Cruver described a situation whereby individual teachers pay hefty monthly contributions – his is $500 per month – but the state is supposed to match those monies to insure the long-term viability of the plan so that retirees always receive their pension check, even if their share of contributed funds is used up.

 Cruver said that dating back to the late 1990s the state failed to contribute their full share to the state pension fund account because the assets had been invested in the stock market in mutual funds and seemed to be doing well for so many years.

 “The state would tell us – ‘Don’t worry, the money will be there.’ – as they decided they didn’t need to pay their share,” Cruver said.

 As a result, the financial viability of the pension fund is now uncertain.

 “I’m banking on the state to live up to its commitment and not to play games with us,” said Cruver.

 Acknowledging these kinds of threats to teachers’ welfare, Ms. Roberts-Dempsey, a four-term union president for the Bethel teachers, said that one of her tasks in retirement will be to lobby in Olympia on behalf of teachers.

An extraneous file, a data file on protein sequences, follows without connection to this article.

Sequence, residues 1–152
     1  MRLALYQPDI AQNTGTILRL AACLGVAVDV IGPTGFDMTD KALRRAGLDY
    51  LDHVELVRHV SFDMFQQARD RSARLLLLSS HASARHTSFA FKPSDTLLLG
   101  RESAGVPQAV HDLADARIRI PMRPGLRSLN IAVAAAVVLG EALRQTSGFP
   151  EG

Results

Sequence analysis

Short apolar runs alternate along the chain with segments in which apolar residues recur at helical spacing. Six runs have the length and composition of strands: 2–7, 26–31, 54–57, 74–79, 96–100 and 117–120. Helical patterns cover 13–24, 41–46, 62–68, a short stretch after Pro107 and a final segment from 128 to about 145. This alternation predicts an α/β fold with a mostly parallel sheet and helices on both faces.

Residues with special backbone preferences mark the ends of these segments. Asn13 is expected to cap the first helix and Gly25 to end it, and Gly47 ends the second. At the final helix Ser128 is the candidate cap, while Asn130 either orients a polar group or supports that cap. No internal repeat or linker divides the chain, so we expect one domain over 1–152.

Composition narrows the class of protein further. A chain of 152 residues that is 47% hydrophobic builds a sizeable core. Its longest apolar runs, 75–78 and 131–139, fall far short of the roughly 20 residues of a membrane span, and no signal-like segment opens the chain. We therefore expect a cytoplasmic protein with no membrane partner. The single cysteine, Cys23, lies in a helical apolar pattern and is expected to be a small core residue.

“I may be retiring, but I’m not going away,” she said with a twinkle in her eye.

Thirty-five year veteran of Shining Mountain Elementary, Marcia Nanea is honored by one of her former students, Kylie Alexander, who praised her for her inspiring "individualism." Looking on is principal Mary Seawright (r).

 ©  2011  The Mountain News – WA




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1 Response to Large numbers of local educators are retiring; some concerned about looming pension cuts

  1. Paula Morris says:

    This retirement and pension subject is a sore one. We have people who have been teachers for 40 or more years, who have faithfully paid into the system; expecting to have the promise fulfilled that their pensions would be there when they retired. So, these people have lived on less money throughout their careers to put away some for the future. Now, state’s are saying pensions are to be cut! What happened to all the money these people put in to their pensions (And this same thing holds true for Social Security)? Is it ok to just let this go? Is it ok to have had all that money just disappear? It was basically stolen from people’s standard of living!

    Why is it that suddenly the whole country has to “cut” benefits to the citizens and CEO’s are still making millions? Why is it that the rich are getting richer but the members of the middle class are being asked to tolerate “austerity” measures?